Trading houses are centuries old but R. Narayan has found a way of packing old wine in a new bottle. Talk to him and he throws in a new moniker - "buying club". What's that?
Narayan's two-year-old start-up, Business Essentials for Better Businesses (BEBB), buys and sells raw materials - steel to polymers to paints - for small and medium enterprises (SMEs) under a brand smartly named Power2SME. Everything apart from the supply is transacted online, including payments, all through a portal heavy on back-end technology. The company buys raw materials from suppliers such as Indian Oil Corporation, Haldia Petrochemicals, GAIL and SAIL in bulk. The discount they manage to generate because of bulk buying is then passed on to its customers, India's large pool of SMEs.
"The savings for customers depend on the materials. In things like metals, we are able to make 7-8 per cent cheaper. In paints, it 10-12 per cent and in polymers, it is 2-3 per cent. SMEs also get the professionalism of supply - you can track delivery," says Narayan.
|Name: BEBB India|
AREA OF BUSINESS: Online trading house
YEAR OF INCORPORATION: 2012
COOL QUOTIENT: Makes raw material purchase cheaper for SMEs
Watch video: What is the coolest factor of Power2SME
"It is a huge juggernaut moving," says Narayan, 47, who is Power2SME's CEO besides being the company's only founder. "I am clocking monthly revenue of Rs 10 crore a month. I am get 300-350 orders a month."
Narayan, a Tamilian, was born and raised in Kolkata. He worked in the IT sector with companies such as Microsoft and Oracle before turning an entrepreneur. In 1999, he started his first company along with two others. Called Denave, the company sets up sales engines for IT and telecom companies. He moved on to start Power2SME recently but is still on Denave's board.
Considering his background, switching to selling raw materials such as steel was a bold move. Explains Narayan: "A Rs 100-crore SME spends Rs 80-85 crore on raw materials. If I am on the technology side, I would address less than two per cent of the spend. If I move to raw materials, I would address 85 per cent."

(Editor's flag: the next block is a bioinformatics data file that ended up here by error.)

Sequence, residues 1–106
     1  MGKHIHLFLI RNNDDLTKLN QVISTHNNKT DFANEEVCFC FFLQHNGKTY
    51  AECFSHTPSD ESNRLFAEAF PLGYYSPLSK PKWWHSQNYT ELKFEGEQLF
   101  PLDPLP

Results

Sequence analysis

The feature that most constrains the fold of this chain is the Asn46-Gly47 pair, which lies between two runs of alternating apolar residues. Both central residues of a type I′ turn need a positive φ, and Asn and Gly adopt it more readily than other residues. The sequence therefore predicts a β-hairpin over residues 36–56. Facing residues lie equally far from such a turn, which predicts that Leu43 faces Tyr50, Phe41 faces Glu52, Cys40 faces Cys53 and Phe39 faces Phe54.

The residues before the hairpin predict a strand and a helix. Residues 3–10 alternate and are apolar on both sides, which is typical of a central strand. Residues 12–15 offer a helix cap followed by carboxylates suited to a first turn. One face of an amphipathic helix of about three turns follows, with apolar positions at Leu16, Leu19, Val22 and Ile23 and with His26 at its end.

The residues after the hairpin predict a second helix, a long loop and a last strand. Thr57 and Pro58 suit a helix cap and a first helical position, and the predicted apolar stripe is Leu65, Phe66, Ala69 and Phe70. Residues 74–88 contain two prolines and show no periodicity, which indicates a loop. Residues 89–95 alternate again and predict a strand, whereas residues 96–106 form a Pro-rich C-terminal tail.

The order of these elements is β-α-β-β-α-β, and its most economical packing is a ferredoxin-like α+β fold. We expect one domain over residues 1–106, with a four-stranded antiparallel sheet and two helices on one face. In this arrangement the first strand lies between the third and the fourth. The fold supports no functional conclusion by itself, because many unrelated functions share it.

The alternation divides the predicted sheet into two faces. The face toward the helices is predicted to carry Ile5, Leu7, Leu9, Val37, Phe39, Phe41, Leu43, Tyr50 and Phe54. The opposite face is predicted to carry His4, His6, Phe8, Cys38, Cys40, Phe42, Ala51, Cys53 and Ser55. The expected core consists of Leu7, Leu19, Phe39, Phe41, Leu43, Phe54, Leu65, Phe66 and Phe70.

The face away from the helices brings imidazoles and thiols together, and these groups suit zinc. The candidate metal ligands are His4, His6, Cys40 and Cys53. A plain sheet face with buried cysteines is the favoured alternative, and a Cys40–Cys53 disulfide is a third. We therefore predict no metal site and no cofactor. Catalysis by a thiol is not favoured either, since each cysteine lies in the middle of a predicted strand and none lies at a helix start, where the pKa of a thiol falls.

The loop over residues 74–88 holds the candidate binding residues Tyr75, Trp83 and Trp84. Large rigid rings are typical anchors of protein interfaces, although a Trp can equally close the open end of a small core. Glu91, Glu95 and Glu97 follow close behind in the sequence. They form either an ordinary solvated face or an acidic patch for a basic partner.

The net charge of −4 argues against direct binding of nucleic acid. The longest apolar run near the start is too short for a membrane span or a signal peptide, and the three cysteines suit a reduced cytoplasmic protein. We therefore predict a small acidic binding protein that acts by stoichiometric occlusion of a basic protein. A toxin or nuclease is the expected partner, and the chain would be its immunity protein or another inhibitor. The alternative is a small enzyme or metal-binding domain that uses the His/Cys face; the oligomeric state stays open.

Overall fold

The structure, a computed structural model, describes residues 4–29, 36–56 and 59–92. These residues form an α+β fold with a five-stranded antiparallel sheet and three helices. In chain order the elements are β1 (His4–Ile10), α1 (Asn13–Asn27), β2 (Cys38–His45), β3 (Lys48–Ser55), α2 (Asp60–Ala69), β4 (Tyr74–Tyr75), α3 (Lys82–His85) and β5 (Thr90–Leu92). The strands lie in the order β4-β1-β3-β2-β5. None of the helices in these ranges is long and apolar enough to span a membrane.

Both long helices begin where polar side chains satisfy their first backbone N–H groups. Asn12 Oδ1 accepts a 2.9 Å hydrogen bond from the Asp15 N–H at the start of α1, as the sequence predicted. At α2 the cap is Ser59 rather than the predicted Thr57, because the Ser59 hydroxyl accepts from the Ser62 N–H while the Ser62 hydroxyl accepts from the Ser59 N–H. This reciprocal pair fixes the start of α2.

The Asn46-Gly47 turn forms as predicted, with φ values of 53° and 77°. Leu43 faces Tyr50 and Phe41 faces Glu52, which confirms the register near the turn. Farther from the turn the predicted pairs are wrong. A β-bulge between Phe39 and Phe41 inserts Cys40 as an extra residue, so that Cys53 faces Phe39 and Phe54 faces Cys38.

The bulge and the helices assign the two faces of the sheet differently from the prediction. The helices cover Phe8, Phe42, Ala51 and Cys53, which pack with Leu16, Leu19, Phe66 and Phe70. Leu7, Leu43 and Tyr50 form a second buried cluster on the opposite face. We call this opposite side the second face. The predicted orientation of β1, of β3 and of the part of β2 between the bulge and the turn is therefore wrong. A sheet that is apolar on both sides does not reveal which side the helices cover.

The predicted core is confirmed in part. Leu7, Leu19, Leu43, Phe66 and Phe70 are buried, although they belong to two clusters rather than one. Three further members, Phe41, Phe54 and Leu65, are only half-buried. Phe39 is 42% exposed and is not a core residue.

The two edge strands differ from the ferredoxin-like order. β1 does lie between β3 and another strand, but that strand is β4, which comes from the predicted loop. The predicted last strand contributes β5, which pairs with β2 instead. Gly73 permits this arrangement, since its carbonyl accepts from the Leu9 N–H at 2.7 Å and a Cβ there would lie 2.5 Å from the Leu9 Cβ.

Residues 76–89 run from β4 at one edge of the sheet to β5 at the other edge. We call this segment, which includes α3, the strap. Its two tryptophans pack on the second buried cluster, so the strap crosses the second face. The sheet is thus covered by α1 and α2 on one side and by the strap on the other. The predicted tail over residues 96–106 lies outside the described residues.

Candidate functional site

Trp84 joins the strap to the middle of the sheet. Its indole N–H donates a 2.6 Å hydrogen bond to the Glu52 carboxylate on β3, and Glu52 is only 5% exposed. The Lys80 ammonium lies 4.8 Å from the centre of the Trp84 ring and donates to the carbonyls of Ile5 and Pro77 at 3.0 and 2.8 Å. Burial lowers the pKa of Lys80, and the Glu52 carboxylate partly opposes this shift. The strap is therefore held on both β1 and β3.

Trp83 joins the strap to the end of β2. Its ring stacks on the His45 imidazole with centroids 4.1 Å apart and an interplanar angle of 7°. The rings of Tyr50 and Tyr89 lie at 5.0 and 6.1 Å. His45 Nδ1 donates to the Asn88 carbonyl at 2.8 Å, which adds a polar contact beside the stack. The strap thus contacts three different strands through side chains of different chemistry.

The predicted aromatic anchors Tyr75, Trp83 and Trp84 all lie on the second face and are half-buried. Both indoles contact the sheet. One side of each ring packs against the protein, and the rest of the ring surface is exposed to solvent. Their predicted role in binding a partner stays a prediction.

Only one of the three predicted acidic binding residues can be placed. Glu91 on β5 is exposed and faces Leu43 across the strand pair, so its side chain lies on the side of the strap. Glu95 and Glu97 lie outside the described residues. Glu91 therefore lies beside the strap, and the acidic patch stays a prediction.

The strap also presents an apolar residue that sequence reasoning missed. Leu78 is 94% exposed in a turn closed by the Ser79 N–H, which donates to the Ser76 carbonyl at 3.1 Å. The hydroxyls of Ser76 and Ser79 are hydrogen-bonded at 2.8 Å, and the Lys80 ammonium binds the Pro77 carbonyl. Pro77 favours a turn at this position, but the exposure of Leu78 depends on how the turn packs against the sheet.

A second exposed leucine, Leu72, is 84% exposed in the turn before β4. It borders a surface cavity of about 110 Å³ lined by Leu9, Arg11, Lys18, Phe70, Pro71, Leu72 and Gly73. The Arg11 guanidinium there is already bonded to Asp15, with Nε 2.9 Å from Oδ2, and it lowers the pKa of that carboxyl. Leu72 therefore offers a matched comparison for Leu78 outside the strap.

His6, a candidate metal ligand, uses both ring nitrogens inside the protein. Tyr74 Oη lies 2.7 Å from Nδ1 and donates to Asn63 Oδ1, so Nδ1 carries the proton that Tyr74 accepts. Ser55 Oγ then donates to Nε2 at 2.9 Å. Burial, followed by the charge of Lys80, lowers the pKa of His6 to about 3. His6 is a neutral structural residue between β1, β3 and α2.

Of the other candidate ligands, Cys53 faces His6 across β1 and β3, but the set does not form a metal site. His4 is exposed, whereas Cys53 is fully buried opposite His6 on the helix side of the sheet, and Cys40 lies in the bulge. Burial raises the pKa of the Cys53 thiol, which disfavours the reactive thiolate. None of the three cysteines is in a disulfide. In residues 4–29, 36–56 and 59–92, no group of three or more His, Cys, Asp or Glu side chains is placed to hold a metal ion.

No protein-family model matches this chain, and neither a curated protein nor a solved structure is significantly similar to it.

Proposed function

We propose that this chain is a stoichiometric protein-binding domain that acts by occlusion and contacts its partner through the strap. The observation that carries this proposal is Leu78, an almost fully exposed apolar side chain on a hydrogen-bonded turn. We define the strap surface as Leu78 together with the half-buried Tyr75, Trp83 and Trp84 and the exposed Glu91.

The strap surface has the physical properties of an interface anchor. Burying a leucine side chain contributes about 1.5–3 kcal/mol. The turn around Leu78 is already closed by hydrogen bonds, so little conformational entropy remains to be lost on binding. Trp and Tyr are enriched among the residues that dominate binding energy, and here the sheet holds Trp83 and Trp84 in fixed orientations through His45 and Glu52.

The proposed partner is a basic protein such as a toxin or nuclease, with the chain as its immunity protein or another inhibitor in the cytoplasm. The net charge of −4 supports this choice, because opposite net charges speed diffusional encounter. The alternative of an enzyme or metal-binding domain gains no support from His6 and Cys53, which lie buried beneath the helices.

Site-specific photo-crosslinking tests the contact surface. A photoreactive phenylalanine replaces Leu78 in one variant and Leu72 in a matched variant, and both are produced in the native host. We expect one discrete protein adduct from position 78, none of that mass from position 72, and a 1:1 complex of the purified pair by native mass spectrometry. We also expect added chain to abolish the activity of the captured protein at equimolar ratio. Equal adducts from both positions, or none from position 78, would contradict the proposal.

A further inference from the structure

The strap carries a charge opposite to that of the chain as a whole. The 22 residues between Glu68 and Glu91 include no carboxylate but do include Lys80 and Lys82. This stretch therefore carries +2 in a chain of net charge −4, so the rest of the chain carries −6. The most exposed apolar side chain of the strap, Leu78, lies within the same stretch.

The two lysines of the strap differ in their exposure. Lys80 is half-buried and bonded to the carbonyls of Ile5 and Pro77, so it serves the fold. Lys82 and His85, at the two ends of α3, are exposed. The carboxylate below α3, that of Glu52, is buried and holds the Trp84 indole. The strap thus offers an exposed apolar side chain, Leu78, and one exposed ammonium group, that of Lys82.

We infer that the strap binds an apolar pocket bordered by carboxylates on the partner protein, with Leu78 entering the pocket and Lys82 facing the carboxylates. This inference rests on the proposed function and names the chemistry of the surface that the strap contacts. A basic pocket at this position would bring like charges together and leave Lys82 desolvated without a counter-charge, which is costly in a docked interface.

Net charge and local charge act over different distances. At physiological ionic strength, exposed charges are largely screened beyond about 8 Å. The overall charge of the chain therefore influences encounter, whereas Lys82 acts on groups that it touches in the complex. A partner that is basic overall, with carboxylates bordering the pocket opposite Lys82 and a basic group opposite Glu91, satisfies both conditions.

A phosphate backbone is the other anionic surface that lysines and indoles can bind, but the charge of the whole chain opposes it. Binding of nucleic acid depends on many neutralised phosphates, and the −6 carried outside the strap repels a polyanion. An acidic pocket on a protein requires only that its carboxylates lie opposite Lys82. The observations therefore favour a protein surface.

This is how it works. SMEs order raw material requirements online. The demand is pooled. Narayan uses the bell-curve - he picks the centre piece of the curve or where there is maximum demand. Then bulk orders are then placed with suppliers. Using this model, Narayan cannot meet the demands raised by all customers. Kunal Matta, Managing Director of Shiv Shakti Cranes, a crane manufacturer, is using Power2SME for four months to buy plates and other structural materials. "I get good quality material that is original," he says. "The market has a lot of duplicate material."
Matta also benefits because Narayan's company gives him a credit period - if he buys directly from the open market, he would need to transact in cash then and there. The credit cycle is about 60 days and Narayan has tied up with banks to finance his customers. There hasn't been a default yet, he says.
The start-up's model works for large suppliers such as GAIL and SAIL as well. Narayan says being large corporations, their sales engine is not necessarily geared towards smaller customers. Power2SME fits in well here. The company has raised $8.5 million from Inventus Capital Partners, Kalaari and Accel in two rounds. It is using the capital to expand - it started with the NCR region and the company is now in Maharashtra and Gujarat. West Bengal and Tamil Nadu are the next frontiers.
While Narayan's simple model appears easy to replicate, access to SMEs can be tough for any competition. "My investors and others have gone out and checked for this model. It is not there anywhere," Narayan vouches. There is another start-up, SmeSauda, which helps customers get discounted deals - but they cater to finished products and not raw materials.
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